Wednesday, August 25, 2010

One of our priests, scholar Monsignor Tjeng Eui-chai, has just published a book, "All is Grace." Born in North Korea in 1925, the monsignor, who has held important positions in the Church, is still an active and outspoken elder who once sent an open letter to the previous Premier with advice on how to govern better.
His book is written in the question and answer format, with the questions coming from Fr. Cha Dong-yeop, head of the Future Pastoral Institute of Incheon. Serialized in the Pastoral Information Magazine, the book examines the problems facing Korean society and the Church. He is very circumspect in dealing with the issues surrounding the Four Rivers Project and our relationship with North Korea, and, as always, conservative in evaluating the problems facing society, except when he talks about the young.

He has a great deal of respect for young Koreans. In his travels around the world, he found that they were praised for their creativity. He hopes Korea does not follow the example of the Japanese, who did not accept the help of the young in their revamping of society. Instead, they  continued to glory in the past;  Korea should not make the same mistake. Motivated more by instinct than by theory, young people, he feels, could put to good use this instinctual response in helping to govern the country, if only the government would allow them more of a voice in the decision making.

Society is now awash with ideas that the establishment doesn't appreciate. We need more openness to these ideas and a new vision, the kind that young people can provide. But government policies continue to exclude them from the decision-making process; the older generation is still very much in control. If the government just prepares the ground for more participation by the young, the monsignor believes that the future for the next 40 or 50 years will be bright.

He would also like to see a Korean Peace Corp that would send our young people overseas to the underdeveloped and  developing countries to help them with their dreams. This would take care of many of our problems of finding work for the young people here in Korea. It would also help develop markets in the future with the good will that would be shared, and also mitigate the tensions now being felt between the older and younger generations.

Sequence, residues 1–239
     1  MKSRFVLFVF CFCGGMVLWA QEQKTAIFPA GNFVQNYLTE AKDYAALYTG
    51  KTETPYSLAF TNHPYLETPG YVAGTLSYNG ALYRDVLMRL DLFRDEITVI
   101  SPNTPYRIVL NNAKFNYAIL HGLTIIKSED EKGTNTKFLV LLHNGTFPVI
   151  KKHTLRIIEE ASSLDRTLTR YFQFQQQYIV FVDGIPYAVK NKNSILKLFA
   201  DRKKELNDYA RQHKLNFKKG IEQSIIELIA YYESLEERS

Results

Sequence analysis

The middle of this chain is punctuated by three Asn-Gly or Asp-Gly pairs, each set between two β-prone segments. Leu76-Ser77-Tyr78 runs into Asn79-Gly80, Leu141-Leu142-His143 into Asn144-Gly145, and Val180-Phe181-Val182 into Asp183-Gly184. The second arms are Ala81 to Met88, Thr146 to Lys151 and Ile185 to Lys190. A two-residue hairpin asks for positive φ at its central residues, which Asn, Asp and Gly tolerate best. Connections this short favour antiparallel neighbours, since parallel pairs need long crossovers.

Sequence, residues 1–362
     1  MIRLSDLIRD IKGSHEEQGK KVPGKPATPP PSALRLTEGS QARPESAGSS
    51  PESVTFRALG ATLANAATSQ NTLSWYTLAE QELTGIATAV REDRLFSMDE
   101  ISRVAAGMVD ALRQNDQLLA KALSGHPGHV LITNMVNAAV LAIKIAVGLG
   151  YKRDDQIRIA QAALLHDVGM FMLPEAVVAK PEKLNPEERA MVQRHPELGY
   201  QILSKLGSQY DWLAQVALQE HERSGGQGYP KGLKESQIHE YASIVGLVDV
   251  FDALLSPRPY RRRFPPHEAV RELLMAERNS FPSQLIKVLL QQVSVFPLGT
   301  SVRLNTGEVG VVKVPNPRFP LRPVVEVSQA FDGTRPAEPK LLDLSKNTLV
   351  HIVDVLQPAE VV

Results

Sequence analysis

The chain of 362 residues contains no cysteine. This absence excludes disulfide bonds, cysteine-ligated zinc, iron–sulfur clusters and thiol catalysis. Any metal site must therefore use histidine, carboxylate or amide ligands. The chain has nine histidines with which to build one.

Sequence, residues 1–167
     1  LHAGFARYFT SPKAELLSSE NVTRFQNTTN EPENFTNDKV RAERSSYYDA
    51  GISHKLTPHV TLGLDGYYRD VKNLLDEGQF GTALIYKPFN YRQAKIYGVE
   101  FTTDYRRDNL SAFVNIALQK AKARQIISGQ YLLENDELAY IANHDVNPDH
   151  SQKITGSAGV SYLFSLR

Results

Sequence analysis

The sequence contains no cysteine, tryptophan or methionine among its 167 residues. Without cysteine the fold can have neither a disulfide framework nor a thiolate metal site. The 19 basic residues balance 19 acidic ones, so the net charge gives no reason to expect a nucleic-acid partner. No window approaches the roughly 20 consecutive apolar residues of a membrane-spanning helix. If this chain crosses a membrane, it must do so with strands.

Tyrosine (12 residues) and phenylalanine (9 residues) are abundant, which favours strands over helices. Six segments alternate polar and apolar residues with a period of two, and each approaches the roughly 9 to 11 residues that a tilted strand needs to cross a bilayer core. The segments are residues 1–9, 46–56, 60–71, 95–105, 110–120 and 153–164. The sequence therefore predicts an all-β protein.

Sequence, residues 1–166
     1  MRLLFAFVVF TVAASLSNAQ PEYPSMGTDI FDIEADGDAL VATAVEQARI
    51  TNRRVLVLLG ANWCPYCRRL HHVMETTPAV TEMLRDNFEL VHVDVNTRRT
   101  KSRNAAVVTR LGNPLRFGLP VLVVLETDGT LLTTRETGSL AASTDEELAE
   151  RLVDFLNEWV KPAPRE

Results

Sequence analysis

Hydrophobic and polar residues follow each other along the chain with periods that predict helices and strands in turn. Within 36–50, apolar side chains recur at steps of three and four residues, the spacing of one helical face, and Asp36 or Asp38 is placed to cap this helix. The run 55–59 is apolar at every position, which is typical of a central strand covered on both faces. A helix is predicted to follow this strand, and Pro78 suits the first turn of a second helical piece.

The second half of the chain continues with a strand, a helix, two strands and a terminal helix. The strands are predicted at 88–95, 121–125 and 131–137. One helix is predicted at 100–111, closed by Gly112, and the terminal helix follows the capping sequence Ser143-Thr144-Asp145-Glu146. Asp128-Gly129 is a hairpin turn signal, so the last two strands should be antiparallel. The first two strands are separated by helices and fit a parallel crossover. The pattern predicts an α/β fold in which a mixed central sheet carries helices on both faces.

Reading what the monsignor had to say was very uplifting, but I couldn't keep from thinking that his ideas for Korea were very similar to  those of the West.  I suppose it's natural to expect a personal benefit from what we do to help others. He mentions that since the discovery of America it has been the G5 or G6 countries that have been in control. After the Second World War, it was increased to G7 to G8, which helped to further global development but also continued to hurt the underdeveloped countries. He wonders whether the G8 countries at the recent G20 meeting of major economic powers might still have been in control. One solution to this control would be increasing the number of participants to G 77 so the  underdeveloped countries would be in a position to speak out and make known their plight and  desires for a more equitable  relationship with the economically developed countries.


  1. Interesting point, but one wonders why priests are so worried about this life, and economic prosperity and such things.
    Why not teach the young what to do to get to Heaven and let politicians and those with worldly power deal with the nuts and bolts?
    The big problem in the world now a days is that priests want to dictate public policy and politicans want to dictate (liberal) morality.
    The world really is in a 'diabolical disorientation'.

  2. Dear Anonymous,

    Your concern is not in any way unique.As a Korean and as a scholar the priest mentioned in the above blog has freedom to speak his mind and we should not confuse what he says with what the Church teaches.

    There are many who feel the Church should only be concerned with the Soul. Probably our teaching is responsible for this, however, it is very difficult to reconcile this with love for our neighbor who also has a body. Jesus told us whatever we do to the least of his brothers and sisters we do to him.This is called the Social Gospel but it is also living the Golden Rule in every area of life. But as you said, if the Church is interested in the 'nuts and bolts' we do have a problem, but that is not what many of us see but concern for values, principles and a philosophy of life.

  3. Thanks for the reply. I totally understand your point, but I think the world at this time in its history has enough do-gooders and not enough saints.
    This is why Catholic youth are fascinated with the Traditional Latin Mass, whenever they have a chance to encounter it. It is the ritual embodiment of history, tradition, doctrine, art and beauty. Truly otherworldly, which is a perspective religious people need to foster.
    From this encounter with God, the strength to 'fight' the world, the flesh and the devil is gained and the crown of sainthood is won.
    Anyway, take care~